There’s this thing that we all (well, almost all) have to do at some point in our lives: move out of our family home and face the big wide world by ourselves.

Some can’t wait to make the move and gain independence, while others are a little more reluctant to let go of the comforts that living with mum and dad offers.

We get it – the idea of suddenly having to pay a ton of rent and cook your own meals every day can seem a bit daunting. But let’s be honest, the older you get, the less cool it becomes to say that you still live with your parents.

Dorothy from The Wizard of Oz is a perfect case in point. Her mantra may have been “There’s no place like home”, but she wouldn’t have had all those adventures, made new friends, gained new insights, and been the star of a classic movie if she’d just stayed at home helping mum with the chores.

It’s even been scientifically proven that the optimal age to move out is 21-24 if you want to be successful later in life.

But if science, Dorothy and street cred alone aren’t enough to convince you, here are 10 more reasons why you should fly the nest before you hit the big 3-0.

1. Independence + responsibility = life in full colour

Back to Dorothy for a moment… You know how at the beginning when she’s at home in Kansas, it’s filmed in black and white? And then when she enters the world of Oz the film becomes technicolour? Well real life is kinda like that too. In order to experience it in all its glory, you have to take that all-important step into the unknown. Sure, there will be highs (realising you can have chocolate and soft drinks for breakfast and nobody will bat an eyelid) and lows (discovering how little of your pay check is left at the end of the month), but isn’t that what life is all about? Nothing beats the feeling of having a place you can call your own and knowing you worked hard to get it.

2. You’ll realise how much stuff you’ve accumulated

When you pack up your belongings to make that first move away from home, you’ll realise how much clutter has built up over the years. First homes are not known for being spacious, so you’ll need to have a good clear out and decide on what’s important enough to take with you. You may also find yourself letting go of some friendships, especially if you’re moving a considerable way from ‘home’. But don’t worry; it’ll soon become clear to you which ones are worth the effort of maintaining long-distance and which just weren’t meant to last.

3. You’ll develop better financial management

It’s easy to get financially complacent when you’re living with your parents. Even if they charge you some rent, it’s probably nowhere near what you’d be paying if you moved out. As a result, you have heaps of disposable cash and can spend it on your car, wardrobe, or social life without any negative consequences. Perhaps you’re living there under the pretence of ‘saving for a deposit’, but come on, are you really pushing yourself to save as much as you can? Moving out will be a shock to the system, but it will force you to develop better budgeting habits that will set you in good stead for the future.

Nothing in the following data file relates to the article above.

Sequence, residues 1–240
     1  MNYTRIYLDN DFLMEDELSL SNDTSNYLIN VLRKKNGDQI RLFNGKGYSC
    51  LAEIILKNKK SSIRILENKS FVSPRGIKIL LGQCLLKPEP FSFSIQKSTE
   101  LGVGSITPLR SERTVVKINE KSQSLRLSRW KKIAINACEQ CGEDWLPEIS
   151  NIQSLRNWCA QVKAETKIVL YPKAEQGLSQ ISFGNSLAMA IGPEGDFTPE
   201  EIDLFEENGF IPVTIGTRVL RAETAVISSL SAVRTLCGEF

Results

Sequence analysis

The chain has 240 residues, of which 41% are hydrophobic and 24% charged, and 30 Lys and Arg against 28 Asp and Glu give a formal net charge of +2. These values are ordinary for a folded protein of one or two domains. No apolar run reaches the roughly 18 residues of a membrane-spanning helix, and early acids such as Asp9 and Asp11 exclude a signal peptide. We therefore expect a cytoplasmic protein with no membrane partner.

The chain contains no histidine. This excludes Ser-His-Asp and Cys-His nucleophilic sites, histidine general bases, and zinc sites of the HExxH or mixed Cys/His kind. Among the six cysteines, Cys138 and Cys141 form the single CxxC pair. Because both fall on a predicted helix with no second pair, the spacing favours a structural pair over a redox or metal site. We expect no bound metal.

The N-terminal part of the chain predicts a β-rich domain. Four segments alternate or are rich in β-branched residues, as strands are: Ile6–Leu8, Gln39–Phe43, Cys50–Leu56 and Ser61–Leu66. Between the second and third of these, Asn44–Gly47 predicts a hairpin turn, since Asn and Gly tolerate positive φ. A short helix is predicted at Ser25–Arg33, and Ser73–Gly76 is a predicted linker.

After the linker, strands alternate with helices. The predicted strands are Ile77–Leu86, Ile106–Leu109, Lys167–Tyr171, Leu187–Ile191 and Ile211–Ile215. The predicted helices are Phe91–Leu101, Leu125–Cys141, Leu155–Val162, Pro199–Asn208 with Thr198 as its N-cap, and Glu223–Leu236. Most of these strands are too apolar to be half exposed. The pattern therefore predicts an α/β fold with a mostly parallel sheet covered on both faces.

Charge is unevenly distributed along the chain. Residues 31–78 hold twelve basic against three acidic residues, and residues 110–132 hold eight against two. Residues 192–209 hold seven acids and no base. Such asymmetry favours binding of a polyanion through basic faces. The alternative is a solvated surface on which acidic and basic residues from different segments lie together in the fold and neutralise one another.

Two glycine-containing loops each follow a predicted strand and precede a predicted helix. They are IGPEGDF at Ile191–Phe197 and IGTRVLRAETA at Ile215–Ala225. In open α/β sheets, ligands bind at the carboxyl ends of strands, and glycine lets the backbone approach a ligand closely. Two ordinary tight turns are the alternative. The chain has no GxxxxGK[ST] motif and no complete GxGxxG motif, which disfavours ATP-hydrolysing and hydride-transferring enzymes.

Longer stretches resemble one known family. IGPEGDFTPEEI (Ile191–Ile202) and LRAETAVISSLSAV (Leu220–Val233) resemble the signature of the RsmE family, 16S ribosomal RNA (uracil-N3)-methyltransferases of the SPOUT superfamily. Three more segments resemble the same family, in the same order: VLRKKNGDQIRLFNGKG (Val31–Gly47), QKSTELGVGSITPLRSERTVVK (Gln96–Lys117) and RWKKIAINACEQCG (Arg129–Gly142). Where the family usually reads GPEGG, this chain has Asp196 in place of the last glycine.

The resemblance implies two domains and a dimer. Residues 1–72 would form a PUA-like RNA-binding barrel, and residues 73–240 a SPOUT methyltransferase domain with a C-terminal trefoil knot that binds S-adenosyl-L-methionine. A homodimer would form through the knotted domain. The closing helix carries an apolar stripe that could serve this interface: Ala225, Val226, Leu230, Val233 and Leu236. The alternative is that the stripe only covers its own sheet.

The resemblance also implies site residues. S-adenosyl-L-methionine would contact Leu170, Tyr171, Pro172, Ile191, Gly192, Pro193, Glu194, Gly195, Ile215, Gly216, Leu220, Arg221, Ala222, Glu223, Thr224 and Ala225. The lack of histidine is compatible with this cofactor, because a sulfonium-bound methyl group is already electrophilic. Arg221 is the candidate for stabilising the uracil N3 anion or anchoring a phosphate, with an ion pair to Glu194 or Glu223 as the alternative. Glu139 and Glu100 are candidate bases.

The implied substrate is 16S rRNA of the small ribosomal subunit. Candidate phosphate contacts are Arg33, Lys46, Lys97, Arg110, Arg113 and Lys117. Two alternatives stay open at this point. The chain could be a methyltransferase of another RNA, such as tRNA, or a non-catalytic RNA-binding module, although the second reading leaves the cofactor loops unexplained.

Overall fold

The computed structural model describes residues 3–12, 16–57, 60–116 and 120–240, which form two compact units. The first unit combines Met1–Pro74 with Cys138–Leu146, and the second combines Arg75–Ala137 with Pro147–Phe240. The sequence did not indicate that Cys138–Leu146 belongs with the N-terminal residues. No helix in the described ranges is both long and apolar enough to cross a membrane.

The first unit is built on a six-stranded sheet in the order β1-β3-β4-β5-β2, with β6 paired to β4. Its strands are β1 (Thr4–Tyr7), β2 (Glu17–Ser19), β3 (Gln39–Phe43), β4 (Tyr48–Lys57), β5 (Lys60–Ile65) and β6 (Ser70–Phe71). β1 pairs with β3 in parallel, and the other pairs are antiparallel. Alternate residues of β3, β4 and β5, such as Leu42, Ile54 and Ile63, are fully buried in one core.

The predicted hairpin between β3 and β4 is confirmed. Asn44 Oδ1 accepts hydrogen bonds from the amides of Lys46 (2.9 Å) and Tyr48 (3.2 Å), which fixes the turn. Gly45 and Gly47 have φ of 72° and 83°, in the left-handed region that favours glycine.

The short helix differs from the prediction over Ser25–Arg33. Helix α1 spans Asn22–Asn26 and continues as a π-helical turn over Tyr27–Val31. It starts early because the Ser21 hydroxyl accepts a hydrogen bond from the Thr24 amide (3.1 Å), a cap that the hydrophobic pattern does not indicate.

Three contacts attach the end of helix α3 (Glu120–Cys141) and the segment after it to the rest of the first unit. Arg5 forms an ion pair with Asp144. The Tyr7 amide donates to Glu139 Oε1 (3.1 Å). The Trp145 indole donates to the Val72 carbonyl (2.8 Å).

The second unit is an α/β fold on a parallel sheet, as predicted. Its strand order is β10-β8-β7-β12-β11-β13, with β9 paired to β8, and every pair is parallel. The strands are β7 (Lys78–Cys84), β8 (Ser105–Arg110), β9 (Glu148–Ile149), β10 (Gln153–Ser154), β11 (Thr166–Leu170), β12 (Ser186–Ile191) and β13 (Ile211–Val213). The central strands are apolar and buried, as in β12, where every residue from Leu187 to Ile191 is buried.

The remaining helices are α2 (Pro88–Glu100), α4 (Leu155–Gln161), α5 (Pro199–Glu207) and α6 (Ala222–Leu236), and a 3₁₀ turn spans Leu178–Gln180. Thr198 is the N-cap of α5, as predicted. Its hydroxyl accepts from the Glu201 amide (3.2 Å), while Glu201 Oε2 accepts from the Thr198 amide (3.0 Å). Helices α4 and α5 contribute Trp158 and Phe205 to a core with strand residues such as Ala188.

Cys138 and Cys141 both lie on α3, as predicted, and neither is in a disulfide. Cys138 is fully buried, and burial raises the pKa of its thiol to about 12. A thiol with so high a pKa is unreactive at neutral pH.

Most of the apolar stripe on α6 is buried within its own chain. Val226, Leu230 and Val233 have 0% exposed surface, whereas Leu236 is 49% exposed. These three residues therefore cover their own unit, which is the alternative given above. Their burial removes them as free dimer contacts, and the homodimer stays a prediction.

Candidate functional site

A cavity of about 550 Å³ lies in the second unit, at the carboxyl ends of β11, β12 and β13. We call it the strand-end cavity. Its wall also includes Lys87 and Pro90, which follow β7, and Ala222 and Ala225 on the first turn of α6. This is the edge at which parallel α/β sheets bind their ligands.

4. You can do whatever you want! (pretty much)

Want to get drunk and pass out on the sofa? You can! Want to go out partying, come home at 3am and have noisy sex with the guy/girl you just met? Go ahead! Want to order pizza for breakfast, Chinese for lunch and Indian for dinner? Why not! There is such refreshing freedom to be found in not having your parents around to keep you in check.

5. About that guy/girl…

Whether you’re in a relationship or are enjoying ‘just looking’, your love live will take a leap to a whole new level when you move to your own place. No more locked doors, sneaking around, trying to keep quiet, or awkward conversations the next morning (at least, not with your parents). And definitely no more asking permission for someone to stay the night.

6. You’ll meet all kinds of new people

When you do make the move, you may well be starting out with a house share. This is a great fast-track way to make new friends – especially if you’re moving to a new area – because not only are you living with a group of people at the same stage of life as you, but you’ll be able to hook into their social circles too. With any luck, some of your housemates will turn out to be friends for life. But they’re not all perfect, and some are downright weird and annoying. Embrace these challenges, because they’ll help you improve your communication and conflict management skills ready for when you have to deal with colleagues who are downright weird and annoying.

7. You can have it your way

If you’ve spent the last twenty-something years staring at embarrassing baby photos lining the walls of your house, it’s time to move on and take control with your own style. Start from scratch in your own place, even if it’s just one room, and get creative with colour, design and layout exactly how you want it.

8. You’ll make your own adventures

Flying the nest may feel like a step into the unknown financially, emotionally, and culinarily, but that means you’ve got a world of adventure ahead of you. You’ll learn that life doesn’t follow a rigid plan and it can be much more fun just to see where it takes you.

9. Think of all the ‘likes’

Everyone needs a ‘moved house’ milestone on their timeline. Just think of all the before/after photos you’ll be able to post. And if you’ve never invited all your friends to a decorating & pizza party, you’re missing out!

10. It really is time

If you’re clinging on to still being able to class yourself as ‘late 20s’, it really is time. Whatever is stopping you, you can overcome it. Go and embrace your independence and all the challenges and adventures it brings. As Mark Twain put it: “Twenty years from now you will be more disappointed by the things that you didn’t do than by the ones you did do”.

Motivational talk over. You’re welcome.